Commencement

We’re off to a good start, I think. My (admittedly unscientific)  planting schedule calls for our spring vegetables to be planted “March 1–as soon thereafter as the ground can be worked.” Some years that qualifier carries us all the way into April. But yesterday conditions were perfect. On another record-high day I shaped up the beds and planted. Beets, English peas, arugula, Swiss chard, kale, mustard greens, radishes, turnips, spinach and bok choy–all direct-seeded.

The transplants aren’t ready yet, of course. Those were started weeks ago and because there’s no way to predict then when the soil will be ready, we aimed for mid-March. So we’ll be adding collards, broccoli, romaine lettuce, Chinese cabbage and more kale a few weeks from now (hopefully). In about a week we’ll sow lettuce mix and tatsoi in the raised beds.

In the past we’ve had large 3 spring gardens. This year we have only one. I’m excited to see how the experiment works out.

We’re reducing to one large summer garden as well, although we will have a separate watermelon patch and a large garden devoted to eggplant and acorn squash. Likewise we’re shrinking our usual 3 fall gardens down to one. Irish potatoes, sweet potatoes and purple hull peas will continue to have gardens of their own, as will garlic and onions beginning next year.

In some cases we’re reducing the number of varieties we grow. Too often in the past we grew things that we not much more than novelty items. There wasn’t much interest in them either here or at the market. We used to grow a yellow-fleshed Moon and Stars watermelon for example. They were pretty, and there were a few people who seemed to prefer them, but we preferred the taste of Crimson Sweet as did the vast majority of our customers. So why waste space on the Moon and Stars anymore? Besides, if we grow only one variety then we can save seeds. Growing more than one results in cross-pollination and makes that impossible. And for you Moon and Stars fans, hold your fire. I’m glad someone is growing them. They’re a great old melon. But there’s no reason we all have to grow them and, as I said, for seed-savers it’s necessary to just pick one melon and go with it. Whereas in the past we usually grew over 100 different varieties of things, this year my guess is that we’re going to be down to about half that (but I haven’t counted).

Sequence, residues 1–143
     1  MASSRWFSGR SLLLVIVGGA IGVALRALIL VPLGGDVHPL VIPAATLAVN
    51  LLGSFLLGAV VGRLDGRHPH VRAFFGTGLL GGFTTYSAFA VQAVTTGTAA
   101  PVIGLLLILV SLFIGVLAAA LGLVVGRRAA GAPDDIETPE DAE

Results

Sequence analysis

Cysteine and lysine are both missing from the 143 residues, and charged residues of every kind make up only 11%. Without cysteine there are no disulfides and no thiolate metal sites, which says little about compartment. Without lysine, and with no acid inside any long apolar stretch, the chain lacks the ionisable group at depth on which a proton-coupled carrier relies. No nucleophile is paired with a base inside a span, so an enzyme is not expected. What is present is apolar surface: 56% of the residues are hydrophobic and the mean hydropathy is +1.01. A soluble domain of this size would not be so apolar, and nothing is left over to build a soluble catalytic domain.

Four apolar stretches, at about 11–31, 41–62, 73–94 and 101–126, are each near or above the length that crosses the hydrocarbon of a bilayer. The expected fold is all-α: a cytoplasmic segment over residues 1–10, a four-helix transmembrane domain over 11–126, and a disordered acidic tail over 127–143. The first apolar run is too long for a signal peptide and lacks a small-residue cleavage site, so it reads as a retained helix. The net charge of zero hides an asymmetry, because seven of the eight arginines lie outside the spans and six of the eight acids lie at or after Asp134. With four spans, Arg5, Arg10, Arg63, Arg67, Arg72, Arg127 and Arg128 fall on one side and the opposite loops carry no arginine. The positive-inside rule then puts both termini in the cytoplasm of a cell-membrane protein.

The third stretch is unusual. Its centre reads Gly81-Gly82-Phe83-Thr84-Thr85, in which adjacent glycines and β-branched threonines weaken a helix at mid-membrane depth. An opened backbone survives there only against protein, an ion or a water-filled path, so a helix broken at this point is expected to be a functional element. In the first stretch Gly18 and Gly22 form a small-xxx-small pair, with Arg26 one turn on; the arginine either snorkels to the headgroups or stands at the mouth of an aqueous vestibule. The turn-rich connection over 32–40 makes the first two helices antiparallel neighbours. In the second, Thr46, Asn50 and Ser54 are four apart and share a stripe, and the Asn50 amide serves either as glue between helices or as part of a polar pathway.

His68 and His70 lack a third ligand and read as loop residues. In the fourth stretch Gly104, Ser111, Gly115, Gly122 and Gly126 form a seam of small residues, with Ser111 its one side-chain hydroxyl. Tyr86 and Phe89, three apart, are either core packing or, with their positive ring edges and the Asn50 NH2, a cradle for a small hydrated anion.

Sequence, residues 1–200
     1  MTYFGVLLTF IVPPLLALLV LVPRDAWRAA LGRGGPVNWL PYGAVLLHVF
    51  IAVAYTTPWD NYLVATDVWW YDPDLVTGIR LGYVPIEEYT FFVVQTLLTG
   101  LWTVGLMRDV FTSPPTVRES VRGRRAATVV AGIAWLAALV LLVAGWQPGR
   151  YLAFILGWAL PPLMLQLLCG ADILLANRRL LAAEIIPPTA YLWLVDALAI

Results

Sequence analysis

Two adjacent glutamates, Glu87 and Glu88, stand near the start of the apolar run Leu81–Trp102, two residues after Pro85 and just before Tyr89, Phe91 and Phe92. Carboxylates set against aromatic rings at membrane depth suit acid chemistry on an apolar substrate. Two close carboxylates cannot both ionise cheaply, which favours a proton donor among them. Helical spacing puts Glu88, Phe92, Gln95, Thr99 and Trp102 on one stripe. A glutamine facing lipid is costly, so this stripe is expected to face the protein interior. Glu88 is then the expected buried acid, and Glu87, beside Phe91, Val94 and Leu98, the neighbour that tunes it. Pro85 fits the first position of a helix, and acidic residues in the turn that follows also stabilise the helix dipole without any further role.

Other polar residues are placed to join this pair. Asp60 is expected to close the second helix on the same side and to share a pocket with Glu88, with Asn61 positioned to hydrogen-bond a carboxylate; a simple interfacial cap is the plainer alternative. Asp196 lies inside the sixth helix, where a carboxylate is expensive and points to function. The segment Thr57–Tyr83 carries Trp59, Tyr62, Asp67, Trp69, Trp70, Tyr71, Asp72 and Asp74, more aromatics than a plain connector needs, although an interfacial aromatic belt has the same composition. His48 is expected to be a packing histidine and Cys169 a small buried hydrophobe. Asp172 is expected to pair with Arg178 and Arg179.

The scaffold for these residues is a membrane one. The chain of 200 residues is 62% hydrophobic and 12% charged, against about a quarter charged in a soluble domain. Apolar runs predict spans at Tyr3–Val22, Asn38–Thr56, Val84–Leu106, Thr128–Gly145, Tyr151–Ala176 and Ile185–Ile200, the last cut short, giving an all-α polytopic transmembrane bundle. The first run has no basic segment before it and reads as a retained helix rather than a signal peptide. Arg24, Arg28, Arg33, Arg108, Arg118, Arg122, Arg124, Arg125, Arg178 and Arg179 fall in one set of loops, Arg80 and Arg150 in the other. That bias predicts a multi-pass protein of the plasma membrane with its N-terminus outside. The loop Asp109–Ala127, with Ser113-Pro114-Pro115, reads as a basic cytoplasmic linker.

So it feels good to be underway. Within a hour or so of me finishing the planting a soft steady rain commenced. I couldn’t have scripted it any better.

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